Getting Past the Drama: What Trump Means for Policy

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Donald Trump has been elected president.  People are processing lots of emotional feedback, much of it related to the headline scrum that took place over Donald Trump’s purported racism, sexism, etc.  But the reality is that Trump’s presidency offers the possibility for a particular turn in public policy that has the potential to benefit virtually all Americans.  My argument is that the Trump administration will work to improve the American balance sheet through the development of national assets.  We don’t tend to think of public policy in those terms, but we should.  I’ll explain why.

The Democrats have emphasized the redress of racial or sexual grievance (such as the highly disputable pay gap) and the delivery of money and benefits through redistribution.  So, for example, President Obama managed to expand health coverage (though at a cost to many working class people) and aggressively increased the pool of food stamp recipients.  Republicans, on the other hand, have argued for the power of the growth that free markets can generate.  While the historical record is quite good on that front, it has seemed more recently (whether fair or not) that the benefits of such growth have not been widely shared.

Where does Donald Trump fit into this picture?  I think he embraces a third way.  He will prefer some kind of strong industrial/infrastructure strategy over the left-wing emphasis on entitlements and dependency.  And he will decline to believe with Republicans that free markets are the key to human flourishing (alas, but so be it).  Trump will try to build and protect America, Inc.

As a fairly orthodox small government, free market, free trade conservative, I prefer the Paul Ryans of the world to the Donald Trumps, but I think there is some benefit to Mr. Trump’s approach.  It may help to begin by considering comments from a 2012 Wall Street Journal interview with European Central Bank president Mario Draghi:

In the European context tax rates are high and government expenditure is focused on current expenditure. A “good” consolidation is one where taxes are lower and the lower government expenditure is on infrastructures and other investments.

Draghi’s insight is one American policymakers need to understand. If the government is spending a great deal of money simply to put dollars in people’s pockets, pay salaries, etc. (in other words, “current expenditure”), then we are not getting nearly the good we could obtain with better government spending that develops real assets.  Plus, we go bust trying to afford those ephemeral “current expenditures.” The superior situation is one in which you can keep taxes low and government spending is on items that last and have the potential to spur growth into the future.  I have the sense that Donald Trump, the businessman and builder, instinctively understands this point.

For example, consider the difference between a government paying for things such as the interstate highway system or the Tennessee Valley Authority power plants versus a government that sends out a lot of entitlement checks. The first government will see substantial benefit over the long run. Just consider the return on investment those highways, dams, and nuclear plants have generated decade after decade.  The second government (the one that focuses on entitlement payments) is mostly just poorer at the end of the year.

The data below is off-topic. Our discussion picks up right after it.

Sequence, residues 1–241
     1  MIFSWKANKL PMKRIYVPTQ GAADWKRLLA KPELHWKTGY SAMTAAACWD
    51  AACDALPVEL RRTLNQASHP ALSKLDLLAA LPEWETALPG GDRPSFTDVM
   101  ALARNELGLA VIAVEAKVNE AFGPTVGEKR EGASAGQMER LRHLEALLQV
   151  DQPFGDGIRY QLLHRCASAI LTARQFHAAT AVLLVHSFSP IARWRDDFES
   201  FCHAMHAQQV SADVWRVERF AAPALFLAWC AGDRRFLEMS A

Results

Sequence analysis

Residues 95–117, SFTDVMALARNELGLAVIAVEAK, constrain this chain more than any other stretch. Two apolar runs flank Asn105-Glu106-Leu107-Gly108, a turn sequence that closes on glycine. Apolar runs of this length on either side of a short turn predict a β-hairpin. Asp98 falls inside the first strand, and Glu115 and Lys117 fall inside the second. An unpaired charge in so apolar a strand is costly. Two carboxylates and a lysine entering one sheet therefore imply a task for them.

What I am suggesting (and friends on the left get ready to choke on your organic wheatgrass juice) is that Donald Trump buys into strategies suggested by John Kenneth Galbraith in The Affluent Society.  Galbraith encouraged liberals to stop focusing so much on income redistribution and to concentrate instead on investments in public goods.  Galbraith complained that we have a policy that encourages private consumption (both tax cuts and entitlements do that) when we should instead have one that tips the balance in favor of creating goods that benefit whole communities and provide a platform for better lives.  Thus, he argues that roads should be improved, power lines should be buried, better parks and libraries should be built.  Donald Trump’s thinking follows those same movements.

The upshot is that if a Trump presidency manages to shift our public policy away from simply encouraging more private consumption (via tax cuts or government checks) and in favor of providing work and generating public goods which could potentially serve us in good stead as national assets for a long time to come, then I think he could achieve something with broad based benefit to American citizens.

Hunter Baker, J.D., Ph.D. is a university fellow at Union University and the author of three books on politics and religion.

 

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One thought on “Getting Past the Drama: What Trump Means for Policy

  1. The problem with paying people not to work is not that those who are receiving are receiving but that they are not producing. To idle the productive capacity of the large number of persons who have left the labor force or who are underemployed is a tragedy for those individuals, for the country and for the world. If you are correct as to how he will use his power, let’s just hope that there are few or no ‘bridges to nowhere’ in Mr. Trump’s plan.

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